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    @animuson well, once the wording was changed, it doesn't matter if it was "your attorneys" decided it not, they are not operating independently, they are effectively speaking for the company – Lamak Nov 26 '19 at 3:20
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    @Lamak I'm not sure what your point is. It doesn't make me magically knowledgeable of those reasons. – animuson Nov 26 '19 at 3:26
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    @animuson it's reasonable to follow up and ask about the risk here. I'd be surprised if anyone thought through this particular case. I don't know how SE's legal team works, but whenever I've brought things of this nature to my legal department, they've been very grateful that someone didn't just sit on it, assuming the brilliant legal minds must have already thought of every possible scenario. Just because legal looked at something doesn't mean it's bulletproof – De Novo Nov 26 '19 at 4:56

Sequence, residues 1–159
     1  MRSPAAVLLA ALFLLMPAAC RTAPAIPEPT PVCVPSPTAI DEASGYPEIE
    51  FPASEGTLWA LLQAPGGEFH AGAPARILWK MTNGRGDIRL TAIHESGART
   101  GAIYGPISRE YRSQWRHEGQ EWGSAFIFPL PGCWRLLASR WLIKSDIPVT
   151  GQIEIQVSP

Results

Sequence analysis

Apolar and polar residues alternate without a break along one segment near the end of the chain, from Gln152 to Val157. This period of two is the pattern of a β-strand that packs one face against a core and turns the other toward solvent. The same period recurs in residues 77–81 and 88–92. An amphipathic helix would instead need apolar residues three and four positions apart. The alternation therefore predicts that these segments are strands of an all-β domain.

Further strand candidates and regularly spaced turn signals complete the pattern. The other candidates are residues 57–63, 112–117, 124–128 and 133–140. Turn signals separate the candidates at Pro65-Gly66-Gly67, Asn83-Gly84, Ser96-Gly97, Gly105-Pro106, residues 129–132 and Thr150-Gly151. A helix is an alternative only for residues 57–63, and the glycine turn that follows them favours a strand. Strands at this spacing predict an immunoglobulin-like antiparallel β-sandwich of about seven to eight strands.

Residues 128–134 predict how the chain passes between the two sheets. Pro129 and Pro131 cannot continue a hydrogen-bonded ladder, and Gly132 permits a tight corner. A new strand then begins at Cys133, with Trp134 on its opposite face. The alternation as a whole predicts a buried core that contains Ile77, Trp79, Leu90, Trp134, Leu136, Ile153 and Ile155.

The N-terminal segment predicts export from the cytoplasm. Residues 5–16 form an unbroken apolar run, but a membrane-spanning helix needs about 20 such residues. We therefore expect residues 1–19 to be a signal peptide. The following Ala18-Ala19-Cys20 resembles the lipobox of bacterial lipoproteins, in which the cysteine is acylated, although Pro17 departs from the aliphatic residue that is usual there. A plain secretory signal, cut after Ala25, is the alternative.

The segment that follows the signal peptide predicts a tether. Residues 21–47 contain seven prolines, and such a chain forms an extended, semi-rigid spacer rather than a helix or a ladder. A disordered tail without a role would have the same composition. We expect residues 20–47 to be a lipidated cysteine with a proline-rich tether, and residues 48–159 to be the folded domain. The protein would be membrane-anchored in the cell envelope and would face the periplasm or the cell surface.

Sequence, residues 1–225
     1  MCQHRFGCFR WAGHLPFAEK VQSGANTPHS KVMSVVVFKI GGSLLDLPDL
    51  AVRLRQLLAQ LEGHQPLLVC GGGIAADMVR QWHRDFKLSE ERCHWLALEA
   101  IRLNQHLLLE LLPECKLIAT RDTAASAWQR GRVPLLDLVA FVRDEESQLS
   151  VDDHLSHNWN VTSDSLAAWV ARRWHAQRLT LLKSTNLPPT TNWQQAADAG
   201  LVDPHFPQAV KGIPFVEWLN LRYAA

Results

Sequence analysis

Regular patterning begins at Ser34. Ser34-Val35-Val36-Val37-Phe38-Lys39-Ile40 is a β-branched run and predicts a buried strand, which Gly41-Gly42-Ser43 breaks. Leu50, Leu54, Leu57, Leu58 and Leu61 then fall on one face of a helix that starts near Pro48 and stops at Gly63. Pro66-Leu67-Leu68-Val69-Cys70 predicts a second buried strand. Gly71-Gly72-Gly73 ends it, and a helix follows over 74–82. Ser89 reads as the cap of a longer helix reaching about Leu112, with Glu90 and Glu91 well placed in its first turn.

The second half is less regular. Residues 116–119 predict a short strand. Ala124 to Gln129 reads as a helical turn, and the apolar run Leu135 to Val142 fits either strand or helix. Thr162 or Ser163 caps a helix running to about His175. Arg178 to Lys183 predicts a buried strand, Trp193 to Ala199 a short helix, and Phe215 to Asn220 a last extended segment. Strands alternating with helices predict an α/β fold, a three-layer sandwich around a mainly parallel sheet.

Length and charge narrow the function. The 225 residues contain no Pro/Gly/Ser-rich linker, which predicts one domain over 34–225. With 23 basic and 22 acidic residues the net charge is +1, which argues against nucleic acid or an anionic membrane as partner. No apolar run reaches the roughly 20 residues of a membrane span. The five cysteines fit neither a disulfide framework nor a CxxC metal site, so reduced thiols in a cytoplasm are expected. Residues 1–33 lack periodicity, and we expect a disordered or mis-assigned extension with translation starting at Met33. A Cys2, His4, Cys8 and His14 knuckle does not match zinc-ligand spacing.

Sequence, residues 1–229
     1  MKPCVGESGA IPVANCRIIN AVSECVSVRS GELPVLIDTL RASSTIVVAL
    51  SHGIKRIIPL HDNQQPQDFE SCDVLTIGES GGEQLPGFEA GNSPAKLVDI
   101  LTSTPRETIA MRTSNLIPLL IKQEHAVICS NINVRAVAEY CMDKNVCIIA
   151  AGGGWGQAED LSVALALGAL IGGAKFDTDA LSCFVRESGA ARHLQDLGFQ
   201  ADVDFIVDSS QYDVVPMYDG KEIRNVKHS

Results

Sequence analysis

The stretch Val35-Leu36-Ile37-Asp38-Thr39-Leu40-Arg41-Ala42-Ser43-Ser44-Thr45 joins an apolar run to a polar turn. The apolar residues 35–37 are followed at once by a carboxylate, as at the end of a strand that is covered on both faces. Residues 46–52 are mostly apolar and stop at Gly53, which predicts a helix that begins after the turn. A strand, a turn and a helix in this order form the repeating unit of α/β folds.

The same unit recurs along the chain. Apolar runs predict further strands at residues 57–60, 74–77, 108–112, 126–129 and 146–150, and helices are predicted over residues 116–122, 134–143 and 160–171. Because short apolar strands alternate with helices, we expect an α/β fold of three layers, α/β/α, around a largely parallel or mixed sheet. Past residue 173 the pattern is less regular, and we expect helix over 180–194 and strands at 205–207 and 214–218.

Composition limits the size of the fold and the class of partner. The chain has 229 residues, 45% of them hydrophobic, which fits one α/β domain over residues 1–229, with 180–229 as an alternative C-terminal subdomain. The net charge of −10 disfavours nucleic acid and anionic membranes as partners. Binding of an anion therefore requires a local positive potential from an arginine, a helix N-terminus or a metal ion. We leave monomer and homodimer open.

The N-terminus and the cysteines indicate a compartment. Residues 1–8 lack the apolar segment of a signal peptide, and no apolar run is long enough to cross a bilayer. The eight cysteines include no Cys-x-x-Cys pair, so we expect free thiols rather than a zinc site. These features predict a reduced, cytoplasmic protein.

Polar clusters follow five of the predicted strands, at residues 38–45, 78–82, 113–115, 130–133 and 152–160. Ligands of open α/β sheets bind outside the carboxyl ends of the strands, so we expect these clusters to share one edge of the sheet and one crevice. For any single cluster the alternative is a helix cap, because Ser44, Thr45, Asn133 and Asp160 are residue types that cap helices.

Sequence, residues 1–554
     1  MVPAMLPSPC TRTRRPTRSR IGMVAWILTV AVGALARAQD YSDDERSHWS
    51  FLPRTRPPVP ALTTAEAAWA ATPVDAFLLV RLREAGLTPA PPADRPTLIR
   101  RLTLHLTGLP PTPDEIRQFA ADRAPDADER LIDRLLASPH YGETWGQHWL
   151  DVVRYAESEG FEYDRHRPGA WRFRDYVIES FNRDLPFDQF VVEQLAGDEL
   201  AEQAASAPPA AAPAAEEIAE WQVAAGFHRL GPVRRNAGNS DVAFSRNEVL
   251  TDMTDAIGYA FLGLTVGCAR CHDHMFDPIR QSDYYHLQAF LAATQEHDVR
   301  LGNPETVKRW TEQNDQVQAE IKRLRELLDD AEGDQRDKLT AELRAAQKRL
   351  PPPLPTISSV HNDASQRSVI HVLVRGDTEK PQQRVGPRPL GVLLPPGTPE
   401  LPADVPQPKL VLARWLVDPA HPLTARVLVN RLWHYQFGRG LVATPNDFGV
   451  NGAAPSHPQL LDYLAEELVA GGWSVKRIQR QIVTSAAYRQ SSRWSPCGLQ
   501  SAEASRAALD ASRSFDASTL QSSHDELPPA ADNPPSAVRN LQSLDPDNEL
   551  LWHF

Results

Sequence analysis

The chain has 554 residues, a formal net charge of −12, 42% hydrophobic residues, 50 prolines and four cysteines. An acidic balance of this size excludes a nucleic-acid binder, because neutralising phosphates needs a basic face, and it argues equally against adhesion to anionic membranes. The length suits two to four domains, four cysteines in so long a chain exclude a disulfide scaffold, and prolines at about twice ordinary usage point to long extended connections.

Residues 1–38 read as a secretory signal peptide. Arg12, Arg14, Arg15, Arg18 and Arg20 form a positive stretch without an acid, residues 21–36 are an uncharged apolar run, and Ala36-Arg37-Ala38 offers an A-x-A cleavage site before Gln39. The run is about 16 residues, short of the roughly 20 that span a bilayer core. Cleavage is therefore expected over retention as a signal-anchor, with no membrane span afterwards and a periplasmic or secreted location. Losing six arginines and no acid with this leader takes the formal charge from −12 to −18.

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    @Cerberus_Reinstate-Monica The 4.0 license stipulates that you have to indicate what changes were made, you can't simply add "edited", which is why this becomes an issue. Such as interface does not currently exist, and frankly I agree with animuson that it would be a waste of resources to add it. The policy should be, across the board, that staff and moderators can not modify a user's About Me page, they can only wipe it clean. This is also not the first time defacing of profiles instead of wiping them has been a problem. – user287266 Nov 26 '19 at 16:37
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    @WebHead: Then I ask, why did they (try to, because it is apparently illegal) change the licence? – Cerberus_Reinstate-Monica Nov 26 '19 at 22:31